Peter Brown's work is influenced by the contrast between the country and the city. "One of my favorite childhood activities was simply sitting on the log that stretched across my favorite babbling brook and observing the forested landscape near my home. Since then, I've lived in Los Angeles, London and New York City, and I've discovered my love of urban landscapes. My fascination with those very different environments has inspired me to tell stories of seemingly opposite things coming together in surprising, funny and beautiful ways. "

Bad news for outlaws : the remarkable life of Bass Reeves, deputy U.S. marshal;
by Vaunda Micheaux Nelson; illustrations by Gregory Christie.
Minneapolis: Carolrhoda Books, c2009.

And R. Gregory Christie has always felt compelled to express himself through images, "I began painting when I was 13, drawing even before I could speak. My art has naturally taken a leading role in my life, serving as an outlet for my emotions. I feel that a painting is only half done until it's viewed by others; it is a 'conversation' between the creator and viewer. Not an audible word needs to be uttered during this exchange, but in order for there to be a learning process or appreciation of an image, the two participants must speak the same visual language."

Skit-scat Raggedy Cat : Ella Fitzgerald;
Written by Roxane Orgill; illustrated by Sean Qualls.
Somerville: Candlewick Press, 2010.

Brooklyn Public Library Exhibitions Manager Barbara Wing takes great pride in giving a showcase to the "many talented and well known illustrators who reside in this great borough of Brooklyn." The exhibit is at Brooklyn's main branch, but curator John Bemelmans Marciano says, "All of the books have been ordered not only at the central library...but in all of the branches, so many of the illustrator's of the favorite books... will be available to take home." The show continues through January of 2011.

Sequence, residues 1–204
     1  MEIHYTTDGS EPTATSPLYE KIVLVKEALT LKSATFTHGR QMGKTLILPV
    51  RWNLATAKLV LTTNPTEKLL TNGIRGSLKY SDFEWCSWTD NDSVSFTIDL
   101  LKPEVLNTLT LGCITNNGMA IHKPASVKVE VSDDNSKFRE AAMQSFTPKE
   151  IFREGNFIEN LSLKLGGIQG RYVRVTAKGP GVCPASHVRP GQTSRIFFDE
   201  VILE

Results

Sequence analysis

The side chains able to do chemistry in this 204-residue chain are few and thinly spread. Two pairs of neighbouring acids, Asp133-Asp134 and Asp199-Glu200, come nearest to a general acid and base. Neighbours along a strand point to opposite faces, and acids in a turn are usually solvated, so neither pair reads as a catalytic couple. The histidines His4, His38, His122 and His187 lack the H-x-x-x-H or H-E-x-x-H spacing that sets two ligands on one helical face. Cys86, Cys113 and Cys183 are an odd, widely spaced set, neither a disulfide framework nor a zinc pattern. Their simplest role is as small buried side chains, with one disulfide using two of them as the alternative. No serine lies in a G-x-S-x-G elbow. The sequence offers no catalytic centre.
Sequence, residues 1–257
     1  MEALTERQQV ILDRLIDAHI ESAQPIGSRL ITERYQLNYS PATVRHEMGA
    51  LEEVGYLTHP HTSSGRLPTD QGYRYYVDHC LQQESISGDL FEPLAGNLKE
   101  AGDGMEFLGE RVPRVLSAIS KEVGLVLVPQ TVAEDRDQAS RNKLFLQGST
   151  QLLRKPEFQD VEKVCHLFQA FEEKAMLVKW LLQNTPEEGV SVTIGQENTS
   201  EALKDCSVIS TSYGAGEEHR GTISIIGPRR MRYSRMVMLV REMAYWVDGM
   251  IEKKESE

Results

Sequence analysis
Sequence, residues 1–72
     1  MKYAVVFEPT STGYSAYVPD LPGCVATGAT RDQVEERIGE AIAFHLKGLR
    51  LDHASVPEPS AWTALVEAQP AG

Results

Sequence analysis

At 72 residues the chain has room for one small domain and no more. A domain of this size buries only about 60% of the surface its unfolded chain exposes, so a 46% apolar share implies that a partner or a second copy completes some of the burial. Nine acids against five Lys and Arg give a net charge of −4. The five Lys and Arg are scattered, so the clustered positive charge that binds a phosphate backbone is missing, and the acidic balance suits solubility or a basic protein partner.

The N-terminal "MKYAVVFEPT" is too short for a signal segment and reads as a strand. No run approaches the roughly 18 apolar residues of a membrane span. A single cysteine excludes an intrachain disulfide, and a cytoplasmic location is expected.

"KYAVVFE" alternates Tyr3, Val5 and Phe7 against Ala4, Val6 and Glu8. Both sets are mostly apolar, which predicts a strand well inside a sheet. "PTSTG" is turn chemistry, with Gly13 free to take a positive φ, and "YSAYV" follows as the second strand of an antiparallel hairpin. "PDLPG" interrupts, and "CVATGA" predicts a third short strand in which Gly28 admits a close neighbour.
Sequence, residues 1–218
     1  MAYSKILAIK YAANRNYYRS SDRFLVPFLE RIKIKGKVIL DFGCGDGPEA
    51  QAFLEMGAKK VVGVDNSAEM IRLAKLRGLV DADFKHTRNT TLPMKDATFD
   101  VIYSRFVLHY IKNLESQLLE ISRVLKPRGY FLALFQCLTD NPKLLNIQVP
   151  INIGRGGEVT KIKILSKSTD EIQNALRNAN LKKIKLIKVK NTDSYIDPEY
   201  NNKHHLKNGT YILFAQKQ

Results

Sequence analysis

1. A very interesting illustration of illustrators.

  2. Stay tune for the epic feature of: “Bass Reeves” US Deputy Marshal. In the mean time; Keep telling that history:

    Read the novel, Rescue at Pine Ridge, where Buffalo Bill Cody meets a Buffalo Soldier. A great story of Black military history…the first generation of Buffalo Soldiers.

    How do you keep a people down? ‘Never’ let them ‘know’ their history.

    The 7th Cavalry got their butts in a sling again after the Little Big Horn Massacre, fourteen years later, the day after the Wounded Knee Massacre. If it wasn’t for the 9th Cavalry Buffalo Soldiers, there would of been a second massacre of the 7th Cavalry.
    Read the novel, “Rescue at Pine Ridge”, 5 stars Amazon, Barnes & Noble and the youtube trailer commercial…and visit the website

    I know you’ll enjoy the novel. I wrote the story that embodied the Native Americans, Outlaws and African-American/Black soldiers, from the south to the north, in the days of the Native American Wars with the approaching United States of America. This story is about, brutality, compassion, reprisal, bravery, heroism and gallantry. The story shows the truism to the fullest of a PG-14 perspective...with a DVD release to show the fullest reality of warfare. Read the novel, Rescue at Pine Ridge, the story of the rescue of the famed 7th Cavalry by the 9th Cavalry Buffalo Soldiers.

    The novel was taken from my mini-series movie of the same title, “RaPR” to keep my story alive. Hollywood has had a lot of strikes and doesn’t like telling our stories…its been “his-story” of history all along…until now. The movie so far has attached, Bill Duke directing, Hill Harper, Glynn Turman and a host of other major actors in which we are in talks with…see at;

    When you get a chance, also please visit our Alpha Wolf Production website at; and see our other productions, like Stagecoach Mary, the first Black Woman to deliver mail for Wells Fargo in Montana, in the 1890’s, “spread the word”.